Customer Reviews

3 Reviews
5 star:
4 star:
3 star:    (0)
2 star:    (0)
1 star:    (0)
Average Customer Review
Share your thoughts with other customers
Create your own review
Most Helpful First | Newest First

1 of 1 people found the following review helpful
5.0 out of 5 stars Inspiring Performance, 11 July 2013
Jonathan Reams "Jonathan Reams" (Trondheim, Norway) - See all my reviews
This review is from: Business Secrets of the Trappist Monks: One CEO's Quest for Meaning and Authenticity (Columbia Business School Publishing) (Kindle Edition)
For almost twenty years I've been drawn to the notion that true leadership in business is about the transformation of consciousness. In writing a Ph.D. around this subject, I found a great deal of literature exploring this topic and related subjects such as developmental psychology, transpersonal psychology, leadership studies and transformative learning. The complexity of all of this could seem overwhelming, yet somehow I knew there must be a simplicity on the other side of it.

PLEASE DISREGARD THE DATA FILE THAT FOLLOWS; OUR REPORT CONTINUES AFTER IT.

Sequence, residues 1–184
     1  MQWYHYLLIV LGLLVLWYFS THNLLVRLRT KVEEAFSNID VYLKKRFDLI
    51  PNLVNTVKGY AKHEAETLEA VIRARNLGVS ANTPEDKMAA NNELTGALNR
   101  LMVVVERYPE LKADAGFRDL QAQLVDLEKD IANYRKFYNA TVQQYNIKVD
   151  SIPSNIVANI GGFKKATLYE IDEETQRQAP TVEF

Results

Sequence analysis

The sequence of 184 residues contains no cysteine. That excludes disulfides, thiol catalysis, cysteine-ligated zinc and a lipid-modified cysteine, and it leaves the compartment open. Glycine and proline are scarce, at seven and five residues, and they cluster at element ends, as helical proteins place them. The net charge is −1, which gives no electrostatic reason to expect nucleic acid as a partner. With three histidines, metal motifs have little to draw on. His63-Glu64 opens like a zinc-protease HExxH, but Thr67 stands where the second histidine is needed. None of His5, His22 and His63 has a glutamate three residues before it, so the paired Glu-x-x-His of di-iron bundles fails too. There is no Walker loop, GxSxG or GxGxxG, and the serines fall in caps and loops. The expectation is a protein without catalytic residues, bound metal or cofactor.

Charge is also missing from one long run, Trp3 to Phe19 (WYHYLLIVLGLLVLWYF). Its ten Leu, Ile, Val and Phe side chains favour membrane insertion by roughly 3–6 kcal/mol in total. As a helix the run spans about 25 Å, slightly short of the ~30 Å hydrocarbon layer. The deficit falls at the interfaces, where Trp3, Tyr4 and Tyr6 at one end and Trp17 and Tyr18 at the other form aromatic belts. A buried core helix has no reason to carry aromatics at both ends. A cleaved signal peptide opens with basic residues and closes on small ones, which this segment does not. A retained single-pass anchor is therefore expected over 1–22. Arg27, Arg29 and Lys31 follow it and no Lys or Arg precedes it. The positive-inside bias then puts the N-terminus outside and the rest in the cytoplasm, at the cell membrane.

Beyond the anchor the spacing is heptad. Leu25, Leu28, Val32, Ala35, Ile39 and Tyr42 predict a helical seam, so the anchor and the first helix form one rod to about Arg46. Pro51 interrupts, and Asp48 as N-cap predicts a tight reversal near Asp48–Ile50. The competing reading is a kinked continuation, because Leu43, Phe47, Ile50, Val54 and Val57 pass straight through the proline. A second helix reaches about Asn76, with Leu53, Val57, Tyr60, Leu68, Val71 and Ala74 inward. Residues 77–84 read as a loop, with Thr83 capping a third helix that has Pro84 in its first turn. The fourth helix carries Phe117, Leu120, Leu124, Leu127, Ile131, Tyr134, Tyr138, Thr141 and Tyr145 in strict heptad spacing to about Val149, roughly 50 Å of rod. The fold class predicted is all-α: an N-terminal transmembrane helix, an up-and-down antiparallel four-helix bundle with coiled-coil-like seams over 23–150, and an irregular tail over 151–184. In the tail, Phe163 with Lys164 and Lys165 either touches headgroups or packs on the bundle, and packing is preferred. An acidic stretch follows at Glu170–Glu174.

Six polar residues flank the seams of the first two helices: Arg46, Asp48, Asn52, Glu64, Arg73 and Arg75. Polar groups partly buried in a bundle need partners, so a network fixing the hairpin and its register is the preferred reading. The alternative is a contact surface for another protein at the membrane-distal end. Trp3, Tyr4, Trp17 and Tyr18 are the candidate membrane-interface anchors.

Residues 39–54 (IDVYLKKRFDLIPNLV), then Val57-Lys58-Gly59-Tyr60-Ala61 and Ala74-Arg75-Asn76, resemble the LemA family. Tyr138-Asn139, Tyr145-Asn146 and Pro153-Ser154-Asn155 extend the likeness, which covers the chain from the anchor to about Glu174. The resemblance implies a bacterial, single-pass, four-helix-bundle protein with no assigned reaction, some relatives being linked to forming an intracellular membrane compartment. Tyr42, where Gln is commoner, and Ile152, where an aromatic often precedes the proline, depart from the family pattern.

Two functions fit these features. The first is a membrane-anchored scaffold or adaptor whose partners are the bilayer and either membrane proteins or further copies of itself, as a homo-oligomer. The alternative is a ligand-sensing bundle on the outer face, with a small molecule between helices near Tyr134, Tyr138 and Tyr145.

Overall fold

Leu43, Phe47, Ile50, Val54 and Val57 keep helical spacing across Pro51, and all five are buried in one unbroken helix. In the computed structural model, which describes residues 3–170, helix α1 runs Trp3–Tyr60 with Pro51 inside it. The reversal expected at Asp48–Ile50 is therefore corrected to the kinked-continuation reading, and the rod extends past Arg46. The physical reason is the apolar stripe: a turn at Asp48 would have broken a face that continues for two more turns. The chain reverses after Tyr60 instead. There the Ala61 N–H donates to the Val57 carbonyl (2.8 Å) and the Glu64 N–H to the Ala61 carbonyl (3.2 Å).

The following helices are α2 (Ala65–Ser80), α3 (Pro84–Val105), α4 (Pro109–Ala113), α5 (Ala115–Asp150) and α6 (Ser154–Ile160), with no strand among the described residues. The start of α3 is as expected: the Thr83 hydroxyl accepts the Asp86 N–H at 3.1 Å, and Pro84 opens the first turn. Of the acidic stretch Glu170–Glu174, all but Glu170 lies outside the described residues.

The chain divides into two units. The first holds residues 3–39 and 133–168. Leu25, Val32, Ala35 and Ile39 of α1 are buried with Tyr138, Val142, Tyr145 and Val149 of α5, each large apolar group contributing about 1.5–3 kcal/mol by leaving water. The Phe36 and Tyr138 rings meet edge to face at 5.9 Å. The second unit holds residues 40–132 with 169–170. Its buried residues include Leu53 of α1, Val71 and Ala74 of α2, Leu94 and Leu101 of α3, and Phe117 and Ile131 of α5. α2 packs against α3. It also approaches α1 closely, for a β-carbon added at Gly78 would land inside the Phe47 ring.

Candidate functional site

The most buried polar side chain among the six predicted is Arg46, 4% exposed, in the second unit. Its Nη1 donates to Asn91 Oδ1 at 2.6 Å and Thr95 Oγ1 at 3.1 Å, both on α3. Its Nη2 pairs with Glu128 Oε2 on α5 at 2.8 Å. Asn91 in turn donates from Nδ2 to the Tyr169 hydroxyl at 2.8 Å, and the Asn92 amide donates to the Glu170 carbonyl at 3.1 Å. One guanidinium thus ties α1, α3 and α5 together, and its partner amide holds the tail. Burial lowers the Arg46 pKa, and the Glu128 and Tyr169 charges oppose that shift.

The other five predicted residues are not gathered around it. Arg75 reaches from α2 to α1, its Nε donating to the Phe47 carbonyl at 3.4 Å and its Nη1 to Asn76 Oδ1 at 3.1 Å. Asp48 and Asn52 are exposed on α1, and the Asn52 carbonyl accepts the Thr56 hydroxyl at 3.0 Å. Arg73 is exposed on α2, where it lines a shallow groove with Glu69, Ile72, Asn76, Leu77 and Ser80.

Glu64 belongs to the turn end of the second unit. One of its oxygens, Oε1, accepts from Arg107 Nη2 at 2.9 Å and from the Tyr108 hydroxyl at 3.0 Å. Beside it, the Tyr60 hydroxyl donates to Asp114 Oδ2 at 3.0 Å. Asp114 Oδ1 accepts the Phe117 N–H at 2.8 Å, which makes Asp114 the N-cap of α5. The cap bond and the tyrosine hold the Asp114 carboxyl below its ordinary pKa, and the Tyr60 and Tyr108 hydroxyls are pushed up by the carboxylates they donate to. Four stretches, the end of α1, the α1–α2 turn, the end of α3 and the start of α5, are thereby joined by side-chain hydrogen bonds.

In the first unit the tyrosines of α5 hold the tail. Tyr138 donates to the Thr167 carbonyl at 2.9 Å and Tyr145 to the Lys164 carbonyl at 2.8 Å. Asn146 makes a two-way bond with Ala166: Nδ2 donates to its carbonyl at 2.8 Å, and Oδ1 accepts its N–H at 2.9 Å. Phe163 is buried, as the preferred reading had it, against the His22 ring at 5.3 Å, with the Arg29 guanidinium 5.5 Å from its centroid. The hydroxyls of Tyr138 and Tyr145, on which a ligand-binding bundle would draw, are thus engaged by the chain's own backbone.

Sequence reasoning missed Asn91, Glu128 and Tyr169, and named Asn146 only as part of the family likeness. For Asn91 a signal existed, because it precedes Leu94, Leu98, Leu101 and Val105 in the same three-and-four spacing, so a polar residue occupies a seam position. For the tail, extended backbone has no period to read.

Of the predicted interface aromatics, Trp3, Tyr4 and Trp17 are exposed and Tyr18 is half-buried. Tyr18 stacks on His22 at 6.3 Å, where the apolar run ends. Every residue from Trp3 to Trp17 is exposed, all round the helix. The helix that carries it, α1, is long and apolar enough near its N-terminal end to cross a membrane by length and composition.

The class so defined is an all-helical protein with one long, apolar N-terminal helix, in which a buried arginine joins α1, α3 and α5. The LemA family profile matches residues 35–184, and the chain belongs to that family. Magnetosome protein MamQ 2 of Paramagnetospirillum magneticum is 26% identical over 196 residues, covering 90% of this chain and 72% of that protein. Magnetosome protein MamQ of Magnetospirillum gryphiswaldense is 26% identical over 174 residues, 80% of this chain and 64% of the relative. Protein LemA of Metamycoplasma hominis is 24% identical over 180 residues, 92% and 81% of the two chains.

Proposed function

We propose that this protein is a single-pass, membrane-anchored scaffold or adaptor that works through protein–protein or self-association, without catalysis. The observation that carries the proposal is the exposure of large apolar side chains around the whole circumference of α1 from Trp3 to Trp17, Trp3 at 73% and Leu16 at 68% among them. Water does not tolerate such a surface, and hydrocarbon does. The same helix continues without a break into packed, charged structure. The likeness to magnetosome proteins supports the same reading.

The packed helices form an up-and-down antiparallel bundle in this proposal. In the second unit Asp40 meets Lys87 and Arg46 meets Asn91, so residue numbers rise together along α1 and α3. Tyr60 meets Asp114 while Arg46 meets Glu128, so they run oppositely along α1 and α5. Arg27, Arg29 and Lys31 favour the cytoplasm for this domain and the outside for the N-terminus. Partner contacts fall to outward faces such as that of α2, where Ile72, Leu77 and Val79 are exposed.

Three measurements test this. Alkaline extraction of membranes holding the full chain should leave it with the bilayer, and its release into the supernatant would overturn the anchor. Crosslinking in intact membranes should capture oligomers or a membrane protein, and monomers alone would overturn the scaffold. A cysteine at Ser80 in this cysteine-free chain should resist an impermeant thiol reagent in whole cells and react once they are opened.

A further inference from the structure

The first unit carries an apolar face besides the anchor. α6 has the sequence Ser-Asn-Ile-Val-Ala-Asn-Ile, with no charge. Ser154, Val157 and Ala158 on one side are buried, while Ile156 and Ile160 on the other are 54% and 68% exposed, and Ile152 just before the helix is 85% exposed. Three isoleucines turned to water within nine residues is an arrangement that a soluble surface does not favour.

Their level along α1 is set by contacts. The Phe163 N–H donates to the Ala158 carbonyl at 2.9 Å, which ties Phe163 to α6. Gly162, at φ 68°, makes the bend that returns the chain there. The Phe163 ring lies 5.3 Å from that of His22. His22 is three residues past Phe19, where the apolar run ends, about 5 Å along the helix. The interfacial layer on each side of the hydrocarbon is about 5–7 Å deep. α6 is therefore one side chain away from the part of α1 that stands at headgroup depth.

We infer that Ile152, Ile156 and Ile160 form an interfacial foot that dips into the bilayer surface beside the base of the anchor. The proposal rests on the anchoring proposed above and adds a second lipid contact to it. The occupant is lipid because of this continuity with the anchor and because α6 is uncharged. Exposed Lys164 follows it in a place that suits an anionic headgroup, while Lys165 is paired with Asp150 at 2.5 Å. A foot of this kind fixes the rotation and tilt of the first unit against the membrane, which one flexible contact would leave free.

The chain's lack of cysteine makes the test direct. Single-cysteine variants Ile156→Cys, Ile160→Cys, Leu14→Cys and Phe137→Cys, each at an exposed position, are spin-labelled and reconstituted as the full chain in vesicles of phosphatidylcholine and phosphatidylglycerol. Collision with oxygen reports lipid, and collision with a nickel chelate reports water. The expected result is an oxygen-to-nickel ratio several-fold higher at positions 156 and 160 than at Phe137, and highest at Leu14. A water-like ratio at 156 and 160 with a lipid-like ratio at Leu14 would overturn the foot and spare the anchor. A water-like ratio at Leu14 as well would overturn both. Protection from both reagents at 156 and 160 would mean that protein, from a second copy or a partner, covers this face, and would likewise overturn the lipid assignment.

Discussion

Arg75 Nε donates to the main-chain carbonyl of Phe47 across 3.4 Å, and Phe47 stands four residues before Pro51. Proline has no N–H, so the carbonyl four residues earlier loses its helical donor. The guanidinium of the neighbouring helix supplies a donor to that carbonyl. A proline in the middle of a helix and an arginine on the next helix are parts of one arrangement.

On a long flight I took recently I read through Turak's Business Secrets of the Trappist Monks. In it I found readable stories linked to principles that touched me to the core. More than that, they inspired me to tell colleagues that this is how I wanted us to run our new business. It is all well and good to talk about being purpose driven, yet it demands putting those aspirations into practice. This book is a treasure trove of how this can be done.

Out of all that I found useful in the book, three things stood out for me as representing essential distillations of the most important things I had learned from my own experience and doing my Ph.D. The first is that the core business of the Trappist monks of Mepkin Abbey is service and selflessness. While much is written about servant leadership, the more profound meaning of this orientation only becomes apparent when you hear the stories of how the monks gave of themselves in ways that inspire the best of being human.

The second thing that stood out for me was detachment. It is set as the antidote for identification, which is easy to get caught up in. How often do we identify with our accomplishments, role, position or even sense of power? All of these limit our ability to lead and to inspire performance in others. Detachment becomes the principle to generate the selflessness described above. It takes us out of our identifications, our limitations; the myths that trap us firmly in their clutches. Detachment brings freedom to inspire and lead by serving a higher purpose.